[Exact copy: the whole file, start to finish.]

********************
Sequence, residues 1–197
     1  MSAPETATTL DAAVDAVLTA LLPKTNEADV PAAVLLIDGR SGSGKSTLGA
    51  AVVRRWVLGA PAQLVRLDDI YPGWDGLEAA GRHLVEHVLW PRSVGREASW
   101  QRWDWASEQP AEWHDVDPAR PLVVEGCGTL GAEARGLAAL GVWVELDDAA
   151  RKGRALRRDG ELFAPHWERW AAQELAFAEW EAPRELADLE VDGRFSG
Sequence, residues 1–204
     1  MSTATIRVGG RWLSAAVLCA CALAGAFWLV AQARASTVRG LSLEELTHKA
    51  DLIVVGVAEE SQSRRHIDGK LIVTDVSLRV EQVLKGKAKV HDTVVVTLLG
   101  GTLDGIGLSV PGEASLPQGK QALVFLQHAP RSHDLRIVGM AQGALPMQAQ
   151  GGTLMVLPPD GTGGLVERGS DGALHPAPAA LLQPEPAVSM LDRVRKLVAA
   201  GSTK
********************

Sequence, residues 1–197
     1  MSAPETATTL DAAVDAVLTA LLPKTNEADV PAAVLLIDGR SGSGKSTLGA
    51  AVVRRWVLGA PAQLVRLDDI YPGWDGLEAA GRHLVEHVLW PRSVGREASW
   101  QRWDWASEQP AEWHDVDPAR PLVVEGCGTL GAEARGLAAL GVWVELDDAA
   151  RKGRALRRDG ELFAPHWERW AAQELAFAEW EAPRELADLE VDGRFSG
Sequence, residues 1–204
     1  MSTATIRVGG RWLSAAVLCA CALAGAFWLV AQARASTVRG LSLEELTHKA
    51  DLIVVGVAEE SQSRRHIDGK LIVTDVSLRV EQVLKGKAKV HDTVVVTLLG
   101  GTLDGIGLSV PGEASLPQGK QALVFLQHAP RSHDLRIVGM AQGALPMQAQ
   151  GGTLMVLPPD GTGGLVERGS DGALHPAPAA LLQPEPAVSM LDRVRKLVAA
   201  GSTK